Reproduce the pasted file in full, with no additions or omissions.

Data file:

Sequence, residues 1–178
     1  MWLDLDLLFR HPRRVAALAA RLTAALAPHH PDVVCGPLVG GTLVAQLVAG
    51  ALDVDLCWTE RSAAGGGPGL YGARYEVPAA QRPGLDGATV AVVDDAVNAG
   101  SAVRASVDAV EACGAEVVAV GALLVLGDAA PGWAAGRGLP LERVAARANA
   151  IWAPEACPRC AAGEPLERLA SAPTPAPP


Sequence, residues 1–178
     1  MWLDLDLLFR HPRRVAALAA RLTAALAPHH PDVVCGPLVG GTLVAQLVAG
    51  ALDVDLCWTE RSAAGGGPGL YGARYEVPAA QRPGLDGATV AVVDDAVNAG
   101  SAVRASVDAV EACGAEVVAV GALLVLGDAA PGWAAGRGLP LERVAARANA
   151  IWAPEACPRC AAGEPLERLA SAPTPAPP